Turning Passion into Profit | How 2 Penn State Alumni Successfully Started a Barber “Chest Truck” Business | University park campus news

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Two Penn State alumni turned their barber passion into profit with their start-up company called SLCKR and are expected to reach $ 50,000 in their first year of earnings.

SLCKR – pronounced “slicker” – was one of five teams selected as part of Invent Penn State, which partnered with Happy Valley Launchbox for its Summer Founders 2021 program, a 13-week entrepreneurial bootcamp where each team receives a grant of $ 15,000 to fully work. time on their idea over the summer months.

Tyler Tracy, a recent Penn State graduate, and Ben Johnson, a 2019 Penn State graduate, left college with degrees in industrial engineering and economics, respectively, and decided to work as partners in the startup.

Tracy said he started cutting his hair in his senior year of high school and continued to do it at Penn State for his friends, including Johnson. He also completed an apprenticeship as a barber in the Philadelphia area, then cut his hair as part of an overseas program in Ireland.

“I actually loved cutting my hair and wanted to explore it as a potential career path,” Tracy said.

Tracy said he recognizes a problem in the barber industry as he struggles to stay organized and loses tools quite frequently.

In the fall of 2019, as part of Penn State’s MGMT 485 class – Creating Entrepreneurial Opportunities – Tracy began forming the company. Students were asked to start a business and devote the entire two-semester course to developing their idea with $ 1,500 given to each team by the program.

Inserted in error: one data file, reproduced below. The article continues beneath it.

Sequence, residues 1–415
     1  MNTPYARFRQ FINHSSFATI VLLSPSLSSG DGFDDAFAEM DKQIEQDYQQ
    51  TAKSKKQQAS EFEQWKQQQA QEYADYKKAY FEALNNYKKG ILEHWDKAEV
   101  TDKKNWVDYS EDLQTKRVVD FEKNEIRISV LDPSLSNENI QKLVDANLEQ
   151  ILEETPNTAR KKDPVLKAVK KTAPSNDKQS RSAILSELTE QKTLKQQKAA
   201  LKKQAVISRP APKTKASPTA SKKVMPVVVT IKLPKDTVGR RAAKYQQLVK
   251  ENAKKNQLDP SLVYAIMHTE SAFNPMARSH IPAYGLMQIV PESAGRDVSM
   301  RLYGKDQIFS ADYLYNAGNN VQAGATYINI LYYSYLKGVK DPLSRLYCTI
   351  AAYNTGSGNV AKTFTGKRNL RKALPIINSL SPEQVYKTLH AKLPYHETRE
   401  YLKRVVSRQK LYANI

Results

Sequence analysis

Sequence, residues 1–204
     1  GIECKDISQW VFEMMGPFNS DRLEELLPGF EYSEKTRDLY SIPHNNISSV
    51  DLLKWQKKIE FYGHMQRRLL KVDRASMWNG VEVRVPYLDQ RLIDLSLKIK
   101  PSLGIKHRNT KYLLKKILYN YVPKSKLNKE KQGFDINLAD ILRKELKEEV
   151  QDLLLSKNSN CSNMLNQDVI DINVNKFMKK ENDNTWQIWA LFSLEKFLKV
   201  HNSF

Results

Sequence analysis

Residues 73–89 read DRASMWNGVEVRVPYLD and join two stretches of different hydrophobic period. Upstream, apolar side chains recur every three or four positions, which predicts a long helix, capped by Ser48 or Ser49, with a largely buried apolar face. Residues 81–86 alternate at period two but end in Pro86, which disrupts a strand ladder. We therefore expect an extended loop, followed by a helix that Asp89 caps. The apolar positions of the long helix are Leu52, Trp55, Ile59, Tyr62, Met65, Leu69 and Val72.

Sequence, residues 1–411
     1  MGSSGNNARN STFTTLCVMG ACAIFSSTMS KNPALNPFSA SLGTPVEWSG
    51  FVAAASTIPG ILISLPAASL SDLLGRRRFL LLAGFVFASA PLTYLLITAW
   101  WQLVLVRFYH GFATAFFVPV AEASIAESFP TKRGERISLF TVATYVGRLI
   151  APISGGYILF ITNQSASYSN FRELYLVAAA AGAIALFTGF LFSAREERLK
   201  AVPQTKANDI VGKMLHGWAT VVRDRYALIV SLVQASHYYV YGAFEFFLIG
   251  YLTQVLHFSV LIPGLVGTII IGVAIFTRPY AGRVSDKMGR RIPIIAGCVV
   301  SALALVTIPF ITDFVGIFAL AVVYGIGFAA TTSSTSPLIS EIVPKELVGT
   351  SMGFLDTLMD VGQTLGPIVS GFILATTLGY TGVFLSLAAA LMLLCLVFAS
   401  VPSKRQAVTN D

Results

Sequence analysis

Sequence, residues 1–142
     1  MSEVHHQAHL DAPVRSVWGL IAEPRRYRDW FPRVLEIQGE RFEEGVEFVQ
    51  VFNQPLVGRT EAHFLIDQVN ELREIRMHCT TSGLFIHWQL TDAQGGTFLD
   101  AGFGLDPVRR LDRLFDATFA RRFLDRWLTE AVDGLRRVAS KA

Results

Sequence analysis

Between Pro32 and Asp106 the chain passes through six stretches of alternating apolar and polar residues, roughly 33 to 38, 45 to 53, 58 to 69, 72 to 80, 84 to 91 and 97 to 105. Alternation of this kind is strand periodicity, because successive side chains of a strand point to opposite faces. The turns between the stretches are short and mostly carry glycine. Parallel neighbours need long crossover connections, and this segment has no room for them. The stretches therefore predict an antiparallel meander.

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Jeanette Miller, director of the major in business innovation and entrepreneurship at Penn State, was the teacher of Tracy’s course.

“Tyler is super creative and he agonized over every detail of his design,” Miller said. “He’s super passionate.

Tracy said if the coronavirus pandemic hadn’t happened and he hadn’t returned from his study abroad trip sooner, he would have “taken a different career path,” according to Miller .

“It’s situational,” Miller said, “but it’s really grabbing an opportunity in a tough situation.”

She said Tracy found her first supplier in Spain after looking for better quality materials and doing everything possible to acquire her first inventory.

“The best education you can get is to have it,” Miller said. “I find it incredibly rewarding to work with students and see how things change for them. “

Tracy’s training in industrial engineering was based on “efficiency and optimization,” which he said allowed him to turn his problem into an entrepreneurial solution.

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This solution came in the form of “The Rig” – SLCKR’s signature product, a “trendy and functional” chest rig, Tracy said.

“The goal is to minimize travel to and from the [barber] station, ”Tracy said and added that the product saved her about 10 minutes per haircut.

According to Tracy, Johnson had previously expressed interest in doing business with him.

“The barber industry as a whole is very entrepreneurial,” Johnson said.

Johnson said the couple had strengths in “two different hemispheres of the brain” – one took care of the creation of the prototype and the other specializes in brand economics.

In the spring, SLCKR won the Happy Valley Venture Capital Pitch competition, which also provided them with more funding.

The Summer Founders Program, according to Johnson, allowed both partners to work full-time on the business.

Johnson said the program meets for an hour twice a week – where young entrepreneurs connected with advisors and were offered valuable resources.

“We took the opportunity and ran with it,” Johnson said. “If you’re ready to work and have a tangible idea, they’ll be ready to help you through the process. “

The company launched on Jan.15 and, according to Johnson, the two co-owners have already been able to start repaying each other.

“Find something that turns you on,” Tracy told prospective students. The reason he could have come to this is that he “really [cares] about it “rather than just the money the company makes.

“Get out there and start doing the little things you can,” Johnson said.

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